The Cost of Liquid Gold: Evaluating the Production of Palm Oil in Ecuador

The production of palm oil—a key ingredient in biofuels as well as consumer products from chocolate to dish soap—has exploded over the last 40 years, much of it in large-scale, corporate-run plantations that are a hallmark of a new global land grab for food and fuel production. The social and environmental cost of so-called “liquid gold” has been steep. Charges of modern forms of slavery and widespread deforestation have marred the industry, which critics contend harkens to an earlier era of colonial commodity production. This historical political ecology study examines the latest frontier of palm oil production—Latin America—through multi-sited research in two palm-oil-producing regions in Ecuador, the globe’s sixth largest producer. By examining changing patterns of land tenure, commodity chains, labor regimes, and community resistance, this research asks how and with what effects is the palm oil boom in Latin America reworking historical relationships among land tenure, labor, and local ecologies?


Environmental Justice in Multispecies Worlds

Together with Caroline Gottschalk-Druskche (English, UW–Madison), Elizabeth Hennessy co-directs a trans-disciplinary working group on Environmental Justice in Multispecies Worlds at the University of Wisconsin–Madison. The group supports junior scholars from a range of disciplines to develop projects at the underdeveloped nexus of political ecology and multispecies studies to address the core question of how humans and nonhumans might live together in a more just world.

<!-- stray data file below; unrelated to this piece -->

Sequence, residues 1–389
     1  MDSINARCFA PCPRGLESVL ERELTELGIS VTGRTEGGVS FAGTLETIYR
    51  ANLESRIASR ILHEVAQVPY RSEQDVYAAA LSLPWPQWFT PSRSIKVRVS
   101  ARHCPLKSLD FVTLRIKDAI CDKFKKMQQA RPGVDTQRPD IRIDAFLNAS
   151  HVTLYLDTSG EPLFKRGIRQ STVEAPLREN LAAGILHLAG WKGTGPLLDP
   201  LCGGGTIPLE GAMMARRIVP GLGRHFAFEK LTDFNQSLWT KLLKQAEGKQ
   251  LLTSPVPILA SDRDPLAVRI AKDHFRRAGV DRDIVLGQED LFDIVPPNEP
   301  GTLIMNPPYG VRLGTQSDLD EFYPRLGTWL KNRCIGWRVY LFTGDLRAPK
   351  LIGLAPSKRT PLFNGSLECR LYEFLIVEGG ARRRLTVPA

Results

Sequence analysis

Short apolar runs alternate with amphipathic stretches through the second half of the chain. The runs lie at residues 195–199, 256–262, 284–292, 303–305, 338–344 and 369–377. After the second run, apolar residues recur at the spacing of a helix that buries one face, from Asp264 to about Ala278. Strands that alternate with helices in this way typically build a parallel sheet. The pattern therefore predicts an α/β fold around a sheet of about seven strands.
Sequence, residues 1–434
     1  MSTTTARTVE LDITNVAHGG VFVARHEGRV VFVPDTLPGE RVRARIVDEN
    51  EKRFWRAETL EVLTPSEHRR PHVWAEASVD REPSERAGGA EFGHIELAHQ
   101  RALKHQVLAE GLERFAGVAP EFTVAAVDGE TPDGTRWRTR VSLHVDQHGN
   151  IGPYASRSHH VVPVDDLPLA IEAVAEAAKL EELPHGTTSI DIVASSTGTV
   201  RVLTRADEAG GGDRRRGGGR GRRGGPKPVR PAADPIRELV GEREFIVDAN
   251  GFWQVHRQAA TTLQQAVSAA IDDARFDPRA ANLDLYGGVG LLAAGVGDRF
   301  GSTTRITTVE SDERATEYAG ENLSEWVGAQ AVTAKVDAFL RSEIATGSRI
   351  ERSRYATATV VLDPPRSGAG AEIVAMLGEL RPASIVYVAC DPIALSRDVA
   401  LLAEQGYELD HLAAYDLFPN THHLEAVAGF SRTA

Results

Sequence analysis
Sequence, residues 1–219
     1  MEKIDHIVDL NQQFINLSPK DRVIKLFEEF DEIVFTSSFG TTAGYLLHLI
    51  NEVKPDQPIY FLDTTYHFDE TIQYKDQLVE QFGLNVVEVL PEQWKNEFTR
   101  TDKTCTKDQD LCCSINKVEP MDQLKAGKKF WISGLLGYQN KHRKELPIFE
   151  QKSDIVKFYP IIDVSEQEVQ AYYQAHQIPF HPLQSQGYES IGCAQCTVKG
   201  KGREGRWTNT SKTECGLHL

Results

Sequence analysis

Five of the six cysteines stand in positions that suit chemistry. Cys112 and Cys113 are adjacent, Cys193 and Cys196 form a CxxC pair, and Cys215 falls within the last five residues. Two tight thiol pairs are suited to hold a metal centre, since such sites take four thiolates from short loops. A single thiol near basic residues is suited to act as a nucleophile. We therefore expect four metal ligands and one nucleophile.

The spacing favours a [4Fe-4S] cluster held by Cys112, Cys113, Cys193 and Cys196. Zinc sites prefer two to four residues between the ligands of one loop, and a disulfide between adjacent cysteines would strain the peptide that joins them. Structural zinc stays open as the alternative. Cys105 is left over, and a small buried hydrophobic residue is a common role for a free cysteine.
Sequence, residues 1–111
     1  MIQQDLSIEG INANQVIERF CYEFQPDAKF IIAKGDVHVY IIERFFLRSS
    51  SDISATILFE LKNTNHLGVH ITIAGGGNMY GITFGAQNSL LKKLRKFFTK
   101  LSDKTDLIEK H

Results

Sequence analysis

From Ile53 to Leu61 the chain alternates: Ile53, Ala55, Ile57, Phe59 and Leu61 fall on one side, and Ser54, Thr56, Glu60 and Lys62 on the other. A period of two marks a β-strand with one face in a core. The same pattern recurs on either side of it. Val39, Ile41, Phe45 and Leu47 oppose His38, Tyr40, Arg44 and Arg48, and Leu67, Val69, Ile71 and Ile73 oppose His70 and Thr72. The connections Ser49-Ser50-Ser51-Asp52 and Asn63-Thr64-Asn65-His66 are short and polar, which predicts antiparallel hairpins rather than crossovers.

Thanks to funding from the Borghesi Mellon program of the Center for the Humanities and the Holtz Center for Science and Technology Studies, the group hosts biweekly reading discussions and twice yearly day-long writing workshops with visiting scholars. In March 2020, the Center for Culture, History, and the Environment will host an international, graduate-student focused conference on Environmental Justice in Multispecies Worlds: Land, Water, Food. Watch for a CFP in September 2019. For more information, see

Political Ecologies of the Galápagos Archipelago

Since 2007, Elizabeth Hennessy has done research on the political ecologies of the Galápagos archipelago. Her work has focused primarily on giant tortoises as contested charismatic icons at the center not only of science, conservation, and tourism, but also a long-running history of natural-resource-based development in the islands as well as local debates about sustainable livelihoods. Her book on this work will be published in October 2019 by Yale University Press. More information HERE.